Wednesday, July 17, 2024
HomeCHINA'S ATROCITIES AGAINST ITS MUSLIMSSo brutally China oppresses its Muslims

So brutally China oppresses its Muslims

So brutally China oppresses its Muslims

Starting in late 2017, Uyghur and Kazakh expatriates from China’s Xinjiang Uyghur Autonomous Region began receiving distressing reports from their loved ones back home or losing contact with them altogether.

By early 2018, journalists and researchers began uncovering the disturbing truth: within the vast Central Asian territory, also referred to as Eastern Turkestan by many exiles, the Chinese government was detaining individuals who did not belong to the Han ethnic majority, including the Uyghurs, a Turkic ethnic group, and confining them to camps. At their peak, these facilities held between one and two million people, subjecting detainees to mental and physical abuse, sexual violence, forced medication, starvation, and sleep deprivation. Initially, Beijing denied the existence of these facilities, which Chinese government documents and signs referred to as “concentrated educational transformation centers.” They later acknowledged establishing “vocational training centers” to combat extremism and poverty.

These camps, bearing troubling resemblances to past genocides, elicited outrage from international organizations, human rights advocates, and governments, some of which imposed sanctions on Chinese companies and officials in response.

Over 100,000 internees were relocated to factories in Xinjiang or other parts of China. Some Uyghur families abroad reported that their relatives were back home but under house arrest. Beijing also compelled tens of thousands of rural Uyghurs to leave their villages and work in factories, under the guise of a poverty alleviation campaign. At present, the total number of non-Han Chinese individuals in coerced labor, in one form or another, might exceed the numbers interned in camps from 2017 to 2019.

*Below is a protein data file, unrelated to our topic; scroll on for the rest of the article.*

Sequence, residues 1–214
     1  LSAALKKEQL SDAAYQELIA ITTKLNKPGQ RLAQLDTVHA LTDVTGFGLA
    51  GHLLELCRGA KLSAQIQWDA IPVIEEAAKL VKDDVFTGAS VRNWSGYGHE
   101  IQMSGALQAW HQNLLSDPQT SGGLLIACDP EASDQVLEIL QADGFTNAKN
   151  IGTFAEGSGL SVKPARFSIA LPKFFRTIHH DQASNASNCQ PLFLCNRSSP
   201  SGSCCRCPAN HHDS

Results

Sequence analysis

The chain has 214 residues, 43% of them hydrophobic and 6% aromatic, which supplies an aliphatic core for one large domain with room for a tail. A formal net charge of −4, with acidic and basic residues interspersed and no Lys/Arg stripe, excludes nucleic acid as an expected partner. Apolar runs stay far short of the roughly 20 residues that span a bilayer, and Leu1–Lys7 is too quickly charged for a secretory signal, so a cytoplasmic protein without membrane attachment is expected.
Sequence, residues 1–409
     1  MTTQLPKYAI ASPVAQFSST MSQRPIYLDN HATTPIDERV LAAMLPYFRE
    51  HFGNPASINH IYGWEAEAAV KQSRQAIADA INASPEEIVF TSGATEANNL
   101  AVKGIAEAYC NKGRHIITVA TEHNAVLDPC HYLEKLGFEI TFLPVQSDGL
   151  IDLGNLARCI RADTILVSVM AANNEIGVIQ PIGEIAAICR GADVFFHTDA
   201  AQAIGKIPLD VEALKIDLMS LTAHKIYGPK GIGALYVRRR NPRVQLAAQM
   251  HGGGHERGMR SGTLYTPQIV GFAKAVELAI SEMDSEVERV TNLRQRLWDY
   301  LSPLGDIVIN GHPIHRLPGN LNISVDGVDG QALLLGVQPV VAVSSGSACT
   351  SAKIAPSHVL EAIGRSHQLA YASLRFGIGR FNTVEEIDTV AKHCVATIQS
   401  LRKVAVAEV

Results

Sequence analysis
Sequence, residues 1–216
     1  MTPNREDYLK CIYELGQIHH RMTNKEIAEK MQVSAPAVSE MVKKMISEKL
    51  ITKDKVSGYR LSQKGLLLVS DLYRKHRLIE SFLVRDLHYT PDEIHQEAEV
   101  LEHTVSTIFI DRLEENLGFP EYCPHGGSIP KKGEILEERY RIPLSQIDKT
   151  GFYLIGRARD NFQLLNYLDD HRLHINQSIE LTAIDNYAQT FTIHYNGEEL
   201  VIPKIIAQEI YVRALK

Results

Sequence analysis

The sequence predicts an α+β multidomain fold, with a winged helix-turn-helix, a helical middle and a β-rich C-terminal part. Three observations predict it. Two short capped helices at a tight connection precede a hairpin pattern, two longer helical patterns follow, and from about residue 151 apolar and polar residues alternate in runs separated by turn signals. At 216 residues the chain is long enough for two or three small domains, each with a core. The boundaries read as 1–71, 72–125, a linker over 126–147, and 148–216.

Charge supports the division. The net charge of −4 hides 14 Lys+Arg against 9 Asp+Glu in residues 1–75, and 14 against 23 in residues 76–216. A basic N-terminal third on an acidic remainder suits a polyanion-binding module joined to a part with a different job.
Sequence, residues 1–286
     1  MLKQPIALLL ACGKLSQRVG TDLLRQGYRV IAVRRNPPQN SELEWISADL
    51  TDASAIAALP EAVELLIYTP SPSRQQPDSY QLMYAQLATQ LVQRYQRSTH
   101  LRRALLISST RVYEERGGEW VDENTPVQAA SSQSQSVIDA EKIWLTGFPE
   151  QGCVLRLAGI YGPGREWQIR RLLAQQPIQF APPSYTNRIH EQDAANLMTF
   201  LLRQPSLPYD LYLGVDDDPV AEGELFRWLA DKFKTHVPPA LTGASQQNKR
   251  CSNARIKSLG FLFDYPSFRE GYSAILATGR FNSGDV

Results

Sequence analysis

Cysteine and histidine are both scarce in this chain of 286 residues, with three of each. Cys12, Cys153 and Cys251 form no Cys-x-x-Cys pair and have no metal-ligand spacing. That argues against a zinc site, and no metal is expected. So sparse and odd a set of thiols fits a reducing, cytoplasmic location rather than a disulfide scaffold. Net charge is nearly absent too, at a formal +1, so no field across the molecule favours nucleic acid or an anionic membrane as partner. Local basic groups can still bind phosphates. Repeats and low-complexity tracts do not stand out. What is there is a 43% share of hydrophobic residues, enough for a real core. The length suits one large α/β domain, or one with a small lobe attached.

However, the camps were just one facet of the Chinese Communist Party’s extensive program of assimilation and oppression.

The party has denigrated and restricted the use of the Uyghur language, banned Islamic practices, demolished mosques, shrines, and cemeteries, altered history to deny the distinctiveness and historical longevity of Uyghur culture in comparison to Chinese culture, and excluded indigenous literature from textbooks. The vaguely worded counterextremism and antiterrorism laws, implemented since 2014, continue to be used to detain individuals for everyday religious and cultural expressions. The extensive infrastructure of control that previously turned southern Xinjiang into a heavily patrolled region is now less visible. Instead, digital surveillance systems relying on mobile phones, facial recognition, biometric databases, QR codes, and other technologies have proven effective at monitoring and controlling the local population.

The state encourages, and possibly coerces, Uyghur women to marry Han men while promoting mixed marriages. Prior to the current crisis, Uyghurs rarely married non-Uyghurs. Uyghur children are placed in boarding schools, where they are compelled to use the Chinese language and adopt Han cultural practices. Limited information is available about these schools, but escapees have reported beatings and extended confinement for speaking Uyghur. These actions align with China’s broader colonial policy to Sinicize the region by relocating Han Chinese people to Xinjiang and suppressing Uyghur birth rates.


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